Swiss investigators granted access to former FIFA boss Linsi’s diary

Urs Linsi

May 17 – Former FIFA general secretary Urs Linsi, who is under Swiss investigation for fraud and money laundering, has lost his appeal to keep his electronic communications and diary private from federal investigators.

Linsi was FIFA Secretary General from 2002 to 2007. The period for which the diary will be opened is for 2004 and 2005, the height of the pre-German 2006 World Cup preparations.

Linsi claimed that the entries in his diary referred to private conversations and telephone conversations with some of them being of a very private nature.

The case being built against Linsi follows an internal investigation by the German FA (DFB) in 2016 into the activities around the winning and hosting of the 2006 World Cup which found a number of financial irregularities.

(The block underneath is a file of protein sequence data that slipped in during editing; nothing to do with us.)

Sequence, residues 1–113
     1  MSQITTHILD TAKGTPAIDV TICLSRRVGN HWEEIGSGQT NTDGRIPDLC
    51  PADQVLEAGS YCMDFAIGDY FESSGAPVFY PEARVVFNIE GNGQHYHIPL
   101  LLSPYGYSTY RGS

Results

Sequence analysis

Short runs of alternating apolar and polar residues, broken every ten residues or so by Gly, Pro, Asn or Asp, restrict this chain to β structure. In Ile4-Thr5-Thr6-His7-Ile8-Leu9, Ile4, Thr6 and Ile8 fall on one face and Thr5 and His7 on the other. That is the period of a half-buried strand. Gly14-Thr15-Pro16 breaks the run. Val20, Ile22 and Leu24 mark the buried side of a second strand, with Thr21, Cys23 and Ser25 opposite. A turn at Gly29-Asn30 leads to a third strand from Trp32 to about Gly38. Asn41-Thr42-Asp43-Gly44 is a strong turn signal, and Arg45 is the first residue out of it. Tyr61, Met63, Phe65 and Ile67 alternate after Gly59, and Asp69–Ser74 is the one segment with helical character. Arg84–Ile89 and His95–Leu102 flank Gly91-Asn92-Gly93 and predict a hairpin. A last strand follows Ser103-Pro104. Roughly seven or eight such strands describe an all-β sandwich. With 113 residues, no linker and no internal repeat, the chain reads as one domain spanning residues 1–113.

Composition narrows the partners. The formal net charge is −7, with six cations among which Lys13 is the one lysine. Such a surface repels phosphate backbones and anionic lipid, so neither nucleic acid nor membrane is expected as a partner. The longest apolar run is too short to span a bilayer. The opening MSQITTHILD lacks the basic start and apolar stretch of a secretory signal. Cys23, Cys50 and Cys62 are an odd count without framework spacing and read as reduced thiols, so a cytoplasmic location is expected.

Linsi, as Secretary General, is accused of having participated in the alleged repayment of an interest-free loan granted by the DFB,

A €6.7 million payment, made by the DFB to FIFA in 2005 was said by the German bid to be the return of a loan via FIFA from the late Adidas chief executive Robert Louis-Dreyfus. But investigators noted the DFB had earmarked the payment as a contribution to a World Cup gala which never took place. The money is suspected to have been used as a slush fund to buy votes for the German hosting bid.

The Swiss investigators accuse Linsi of being part of a conspiracy that led to unfair business dealings or fraud, embezzlement and money laundering.

Raids at the end of November 2016, by federal investigators, were carried out at Linsi’s residential and commercial premises. Linzi requested that the seized material was sealed.

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